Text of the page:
We need to understand that we are all "in process" and anyone who looks like they are more spiritual or have it all together is either just a little further down the road we are all traveling or is just faking it better.

Wednesday, February 11, 2009


It's been a while, huh? I apologize. My thanks to those of you who e-mailed me and asked if I was ever going to post another entry or let the site go to the great blog wasteland in cyberspace. I keep telling you this, but it really is very nice to know there are people out there who actually read this and get something out of it. All half dozen of you...
To tell you the truth, and I'm not joking, it's been so long since I posted that I actually forgot I had a blog! Someone recently said they assumed I was too consumed with what the Lord was doing in my life to post anything and understood that I had to take a break to attend to the business at hand. You have no idea how much I wish that were true.
Unfortunatly, the facts are much more dismal and fleshly than that.
The good news, you'll be happy to know, is that you missed my vitrolic party-pooper rantings about Christmas and my intentioinal lack of New Year's resolutions. By my own unscientific but probably very accurate calculations, only one person in a thousand actually sticks to a New Year's resolution long enough to see any results. Everyone else is depressed by mid-February and wondering what's wrong with them that they can't ever see anything through. So I did myself a huge favor several years ago and made a New Year's reslution to never make another New Year's resolution. Which, ironicllay, makes me the one in a thousand. The rest of you might as will go ahead and get your perscription for Prozac filled.
Seriously though, isn't it a huge relief that you don't have to "try" in the strong arm of the flesh to accomplish anything? Oh, sure, it might work for a while. But eventually even the most strong- willed among us will "become weary in well-doing."
My Bible tell me "It is for freedom that Chirst has set us free." That's a powerful statement worth meditating on.
(Side note: I was watching a PBS special on the brain last night and the doctor lecturing said that meditation, rather than slowing down your mental processes, actually heightens them! I makes you more energetic and better able to concentrate, set goals and complete tasks! You need look no further than the opening paragraphs to realize this is something I need to incorporate more fully into my life...but not in the flesh, of course...)
This freedom means if I have an area in my life that needs changing or a habit that needs to be added or subtracted from my life I don't have to "set my mind" or "steel my will" or "make every effort" in my own inferior strength. I simply need to present my need before the throne of grace and then "set my mind"and "make every effort" while relying on the power of the Spirit to work through me to accomplish the goal.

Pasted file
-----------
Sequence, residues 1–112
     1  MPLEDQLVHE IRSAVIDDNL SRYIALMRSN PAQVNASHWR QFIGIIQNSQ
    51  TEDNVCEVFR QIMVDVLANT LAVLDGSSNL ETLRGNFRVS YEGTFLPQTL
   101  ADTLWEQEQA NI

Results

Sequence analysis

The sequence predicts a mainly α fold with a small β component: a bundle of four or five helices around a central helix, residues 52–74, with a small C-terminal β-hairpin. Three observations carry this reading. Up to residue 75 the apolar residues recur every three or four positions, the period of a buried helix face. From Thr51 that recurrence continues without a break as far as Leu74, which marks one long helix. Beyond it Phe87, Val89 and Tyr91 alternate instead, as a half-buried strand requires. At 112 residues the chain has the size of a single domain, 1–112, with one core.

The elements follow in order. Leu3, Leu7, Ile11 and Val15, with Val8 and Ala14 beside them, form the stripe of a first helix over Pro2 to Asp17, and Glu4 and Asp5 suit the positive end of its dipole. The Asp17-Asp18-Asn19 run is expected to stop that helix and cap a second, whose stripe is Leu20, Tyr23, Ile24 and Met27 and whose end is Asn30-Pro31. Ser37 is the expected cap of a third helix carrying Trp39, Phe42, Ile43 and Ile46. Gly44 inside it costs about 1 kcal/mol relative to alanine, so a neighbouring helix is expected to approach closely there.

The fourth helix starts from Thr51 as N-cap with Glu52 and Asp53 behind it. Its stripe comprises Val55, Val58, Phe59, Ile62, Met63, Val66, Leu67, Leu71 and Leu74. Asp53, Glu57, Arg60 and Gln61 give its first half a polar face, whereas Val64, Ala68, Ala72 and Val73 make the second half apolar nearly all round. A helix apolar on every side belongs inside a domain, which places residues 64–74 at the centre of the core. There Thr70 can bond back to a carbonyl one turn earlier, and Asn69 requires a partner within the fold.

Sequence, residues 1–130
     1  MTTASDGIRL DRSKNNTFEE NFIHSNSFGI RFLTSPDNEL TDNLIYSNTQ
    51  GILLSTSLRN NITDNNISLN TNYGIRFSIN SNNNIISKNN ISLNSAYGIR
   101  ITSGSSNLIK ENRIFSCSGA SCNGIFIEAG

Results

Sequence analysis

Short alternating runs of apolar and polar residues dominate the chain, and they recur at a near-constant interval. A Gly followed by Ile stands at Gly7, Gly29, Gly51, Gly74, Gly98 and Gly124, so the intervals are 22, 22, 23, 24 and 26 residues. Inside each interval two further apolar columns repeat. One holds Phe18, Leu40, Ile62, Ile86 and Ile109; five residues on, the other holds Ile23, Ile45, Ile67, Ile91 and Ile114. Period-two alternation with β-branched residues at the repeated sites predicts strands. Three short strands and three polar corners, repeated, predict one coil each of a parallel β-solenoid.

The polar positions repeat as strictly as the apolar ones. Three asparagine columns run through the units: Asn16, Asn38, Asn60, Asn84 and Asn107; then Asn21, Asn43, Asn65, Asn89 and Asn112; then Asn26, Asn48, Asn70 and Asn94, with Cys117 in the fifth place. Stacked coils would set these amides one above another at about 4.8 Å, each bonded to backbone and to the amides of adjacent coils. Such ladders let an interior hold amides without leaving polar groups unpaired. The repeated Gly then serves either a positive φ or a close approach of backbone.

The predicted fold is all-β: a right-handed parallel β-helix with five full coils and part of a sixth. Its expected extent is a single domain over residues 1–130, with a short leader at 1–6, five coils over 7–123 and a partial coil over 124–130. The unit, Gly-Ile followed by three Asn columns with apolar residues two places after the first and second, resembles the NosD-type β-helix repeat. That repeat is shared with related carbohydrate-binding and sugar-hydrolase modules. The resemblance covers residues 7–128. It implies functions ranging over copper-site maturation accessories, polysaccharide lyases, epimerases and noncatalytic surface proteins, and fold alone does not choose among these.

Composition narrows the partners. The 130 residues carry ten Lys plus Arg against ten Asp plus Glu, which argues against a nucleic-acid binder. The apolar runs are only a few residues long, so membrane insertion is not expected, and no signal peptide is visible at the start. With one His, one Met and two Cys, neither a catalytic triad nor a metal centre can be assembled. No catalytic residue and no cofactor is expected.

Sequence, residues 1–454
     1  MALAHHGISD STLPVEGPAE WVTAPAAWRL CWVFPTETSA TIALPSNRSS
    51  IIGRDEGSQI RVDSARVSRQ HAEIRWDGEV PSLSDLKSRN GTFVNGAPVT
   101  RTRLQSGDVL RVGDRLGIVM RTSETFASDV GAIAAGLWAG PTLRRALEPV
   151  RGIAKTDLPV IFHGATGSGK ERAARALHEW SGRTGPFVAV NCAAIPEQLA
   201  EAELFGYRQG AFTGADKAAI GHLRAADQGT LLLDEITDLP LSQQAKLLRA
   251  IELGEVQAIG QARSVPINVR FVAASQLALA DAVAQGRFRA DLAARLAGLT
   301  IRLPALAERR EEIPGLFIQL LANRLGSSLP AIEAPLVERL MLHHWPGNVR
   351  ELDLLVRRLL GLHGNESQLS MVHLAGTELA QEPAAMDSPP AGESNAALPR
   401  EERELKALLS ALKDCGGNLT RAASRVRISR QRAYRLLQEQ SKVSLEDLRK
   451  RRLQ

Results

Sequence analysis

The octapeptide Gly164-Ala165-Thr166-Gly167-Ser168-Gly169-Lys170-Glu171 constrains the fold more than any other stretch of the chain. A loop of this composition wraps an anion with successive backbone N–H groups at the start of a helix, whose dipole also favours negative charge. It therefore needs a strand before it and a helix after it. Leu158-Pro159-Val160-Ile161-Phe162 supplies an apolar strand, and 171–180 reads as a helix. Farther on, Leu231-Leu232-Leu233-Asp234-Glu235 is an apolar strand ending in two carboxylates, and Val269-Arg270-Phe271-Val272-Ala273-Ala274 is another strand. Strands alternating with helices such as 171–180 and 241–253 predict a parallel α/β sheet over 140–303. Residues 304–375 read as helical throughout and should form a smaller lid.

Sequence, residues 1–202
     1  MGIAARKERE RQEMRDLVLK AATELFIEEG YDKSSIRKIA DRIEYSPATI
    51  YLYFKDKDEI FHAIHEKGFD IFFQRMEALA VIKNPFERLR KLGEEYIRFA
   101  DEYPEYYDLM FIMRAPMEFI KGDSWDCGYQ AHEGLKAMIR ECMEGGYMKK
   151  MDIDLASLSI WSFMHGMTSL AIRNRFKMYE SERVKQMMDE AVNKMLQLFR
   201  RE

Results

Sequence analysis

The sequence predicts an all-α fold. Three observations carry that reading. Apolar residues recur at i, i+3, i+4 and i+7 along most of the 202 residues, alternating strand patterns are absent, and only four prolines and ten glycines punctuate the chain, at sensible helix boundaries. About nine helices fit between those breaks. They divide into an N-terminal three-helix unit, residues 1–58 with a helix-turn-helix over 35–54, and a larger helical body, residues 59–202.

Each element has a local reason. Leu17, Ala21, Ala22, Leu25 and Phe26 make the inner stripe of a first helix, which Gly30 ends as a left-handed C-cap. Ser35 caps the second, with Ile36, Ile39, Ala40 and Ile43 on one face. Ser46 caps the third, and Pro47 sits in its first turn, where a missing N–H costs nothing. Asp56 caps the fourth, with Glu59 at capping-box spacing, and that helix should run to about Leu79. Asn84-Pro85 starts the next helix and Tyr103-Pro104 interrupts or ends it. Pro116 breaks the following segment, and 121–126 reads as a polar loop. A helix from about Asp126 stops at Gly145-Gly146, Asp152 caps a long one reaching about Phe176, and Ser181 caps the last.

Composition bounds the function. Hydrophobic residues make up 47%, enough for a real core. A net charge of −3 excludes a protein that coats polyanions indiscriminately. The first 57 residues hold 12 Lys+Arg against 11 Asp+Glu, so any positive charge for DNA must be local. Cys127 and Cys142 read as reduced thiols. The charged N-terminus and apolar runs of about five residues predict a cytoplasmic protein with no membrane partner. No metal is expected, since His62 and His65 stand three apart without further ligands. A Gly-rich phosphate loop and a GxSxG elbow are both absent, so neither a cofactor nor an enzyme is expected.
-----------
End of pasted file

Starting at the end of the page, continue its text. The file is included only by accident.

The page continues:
Granted, this can be a difficult tightrope to walk. We are often in danger of falling off on the side of trying and ultimatley failing in our own strength, or attempting to rely on the Lord to the point we expect Him to do it for us rather than enabling us to do it with His help.
Two verses that beautifully illustrate the tension of our efforts coupled with God's empowering grace are 1 Cor. 15:10 and Phil. 2:12-13. The first says:
"But by the grace of God I am what I am, and His grace toward me did not prove vain; but I labored even more than all of them, yet not I, but the grace of God in me."
And: "So then, my beloved, just as you have always obeyed, not as in my presence only, but now much more in my absence, work out your salvation with fear and trembling; for it is God who is at work in you, both to will and to work for His good pleasure."
The upshot of all of this is that we both have our part to play. Our job is to rely on the power of God. God's is to fill us with that power which then enables us to make the choices we need and want to make and move forward in victory.
I really didn't mean to get off on all that! But I have to get dinner on so I am going to leave it. I will try to post again tomorrow and let you know what the news is in my world.
Let me hear from you!